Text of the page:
# Do a thing with a derived string for a number of strings

I feel this should be possible more concisely, less code repetition, with a loop and a two-dimensional array or something. But not sure how exactly. Any best practice for review?

// Activate shortcuts for editor menu items like Ctrl+S for "Save Item" etc.
// Deactivate instead with optional "false" - to allow these for keybindings
void dlgTriggerEditor::setShortcuts(const bool active)
{
QList<QAction*> actionList = toolBar->actions();
QString actionText;
// 3/3 save button texts need to be kept in sync
const QStringList saveButtonNames = {qsl("Save Item"), tr("Save Trigger"), tr("Save Timer"), tr("Save Alias"), tr("Save Script"), tr("Save Button"), tr("Save Key"), tr("Save Variable")};
for (auto& action : actionList) {
actionText = action->text();
if (saveButtonNames.contains(actionText)) {
action->setShortcut((active) ? tr("Ctrl+S") : QString());
} else if (actionText == tr("Save Profile")) {
action->setShortcut((active) ? tr("Ctrl+Shift+S") : QString());
}
}
actionList = toolBar2->actions();
QString actionText;
for (auto& action : actionList) {
actionText = action->text();
if (actionText == tr("Triggers")) {
action->setShortcut((active) ? tr("Ctrl+1") : QString());
} else if (actionText == tr("Aliases")) {
action->setShortcut((active) ? tr("Ctrl+2") : QString());
} else if (actionText == tr("Scripts")) {
action->setShortcut((active) ? tr("Ctrl+3") : QString());
} else if (actionText == tr("Timers")) {
action->setShortcut((active) ? tr("Ctrl+4") : QString());
} else if (actionText == tr("Keys")) {
action->setShortcut((active) ? tr("Ctrl+5") : QString());
} else if (actionText == tr("Variables")) {
action->setShortcut((active) ? tr("Ctrl+6") : QString());
} else if (actionText == tr("Buttons")) {
action->setShortcut((active) ? tr("Ctrl+7") : QString());
} else if (actionText == tr("Errors")) {
action->setShortcut((active) ? tr("Ctrl+8") : QString());
} else if (actionText == tr("Statistics")) {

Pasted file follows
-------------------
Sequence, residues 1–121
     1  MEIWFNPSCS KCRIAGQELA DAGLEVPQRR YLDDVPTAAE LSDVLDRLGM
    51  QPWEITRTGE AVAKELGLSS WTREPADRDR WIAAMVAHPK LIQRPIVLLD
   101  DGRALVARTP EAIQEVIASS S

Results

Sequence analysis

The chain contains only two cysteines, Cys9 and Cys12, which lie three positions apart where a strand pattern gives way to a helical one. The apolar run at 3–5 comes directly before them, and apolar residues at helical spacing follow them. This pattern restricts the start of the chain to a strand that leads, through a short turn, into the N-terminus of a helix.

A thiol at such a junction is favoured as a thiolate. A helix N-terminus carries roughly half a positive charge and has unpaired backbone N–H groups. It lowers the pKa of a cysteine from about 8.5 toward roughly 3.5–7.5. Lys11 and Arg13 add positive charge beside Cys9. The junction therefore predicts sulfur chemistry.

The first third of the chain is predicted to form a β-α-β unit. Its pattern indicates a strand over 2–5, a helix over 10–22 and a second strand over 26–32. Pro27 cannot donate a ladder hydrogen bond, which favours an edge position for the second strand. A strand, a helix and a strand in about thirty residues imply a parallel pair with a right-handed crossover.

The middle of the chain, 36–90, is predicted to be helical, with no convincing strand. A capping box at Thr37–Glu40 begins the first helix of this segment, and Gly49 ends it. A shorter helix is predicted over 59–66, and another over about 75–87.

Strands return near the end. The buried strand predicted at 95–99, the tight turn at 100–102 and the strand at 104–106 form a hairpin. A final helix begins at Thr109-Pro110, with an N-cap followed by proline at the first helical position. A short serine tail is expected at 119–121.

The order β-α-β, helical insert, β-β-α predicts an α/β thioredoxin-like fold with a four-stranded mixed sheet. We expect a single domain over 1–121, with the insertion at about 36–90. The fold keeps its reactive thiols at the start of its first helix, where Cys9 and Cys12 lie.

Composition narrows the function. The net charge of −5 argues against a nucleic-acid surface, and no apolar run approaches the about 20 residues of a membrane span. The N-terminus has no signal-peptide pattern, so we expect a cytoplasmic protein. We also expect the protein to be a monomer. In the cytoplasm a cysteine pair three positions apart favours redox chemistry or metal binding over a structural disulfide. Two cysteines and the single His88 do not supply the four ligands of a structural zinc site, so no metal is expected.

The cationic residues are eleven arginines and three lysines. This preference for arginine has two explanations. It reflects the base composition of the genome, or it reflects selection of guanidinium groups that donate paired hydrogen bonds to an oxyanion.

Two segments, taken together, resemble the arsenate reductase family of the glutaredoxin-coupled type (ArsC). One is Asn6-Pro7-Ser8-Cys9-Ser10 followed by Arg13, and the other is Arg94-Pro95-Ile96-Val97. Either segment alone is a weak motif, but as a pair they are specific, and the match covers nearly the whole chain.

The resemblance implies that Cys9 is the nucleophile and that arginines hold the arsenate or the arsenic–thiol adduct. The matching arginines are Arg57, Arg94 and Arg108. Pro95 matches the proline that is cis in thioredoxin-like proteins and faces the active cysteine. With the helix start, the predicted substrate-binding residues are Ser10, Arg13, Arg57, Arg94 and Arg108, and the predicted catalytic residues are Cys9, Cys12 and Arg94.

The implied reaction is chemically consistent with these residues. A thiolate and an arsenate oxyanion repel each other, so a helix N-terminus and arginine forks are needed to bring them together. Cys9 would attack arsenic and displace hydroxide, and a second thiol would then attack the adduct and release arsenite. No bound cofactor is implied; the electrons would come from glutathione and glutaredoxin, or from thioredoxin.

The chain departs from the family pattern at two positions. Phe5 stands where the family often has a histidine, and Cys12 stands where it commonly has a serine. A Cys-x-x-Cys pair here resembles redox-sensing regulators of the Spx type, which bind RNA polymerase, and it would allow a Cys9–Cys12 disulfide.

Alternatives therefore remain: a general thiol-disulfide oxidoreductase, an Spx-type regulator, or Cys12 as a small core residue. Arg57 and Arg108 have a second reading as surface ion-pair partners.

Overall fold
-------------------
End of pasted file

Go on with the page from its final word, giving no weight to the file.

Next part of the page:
action->setShortcut((active) ? tr("Ctrl+9") : QString());
} else if (actionText == tr("Debug")) {
action->setShortcut((active) ? tr("Ctrl+0") : QString());
}
}
}


Here is a python mock-up of the bottom (not yet a) loop for comparison:

texts_and_actions = (
("Statistics", "Ctrl+9"),
("Debug", "Ctrl+0")
)
for text, action in texts_and_actions:
if actionText == text:
setShortcut(action)

• use a map of actionText (key) to shortcut (value) Jan 26 at 12:59
• Hi @depperm How would I use this map in an example loop? Jan 26 at 13:22
• You need to describe this in more detail than "do a thing". Jan 26 at 13:26
• Hello @Reinderien Which information is missing for you? I don't know how to call the thing, but I showed full working code below. You will see a long if/else construction. Each one checks if actionText has a special value, then continues to call setShortcut with a derived value. There is lots of repetition, and the only differences are the two strings. That is why I want to do the same thing, but only with a loop, and not write the same thing so many times in a row. Jan 26 at 14:20

# Just try implementing your ideas

I feel this should be possible more concisely, less code repetition, with a loop and a two-dimensional array or something. But not sure how exactly.

You have the right idea. Now you have to find a way to turn it into C++ code. Even if you can't imagine the final code from the start, just start writing your idea and work on it until it works. Let's start with your Python code:

texts_and_actions = (
("Statistics", "Ctrl+9"),
("Debug", "Ctrl+0")
)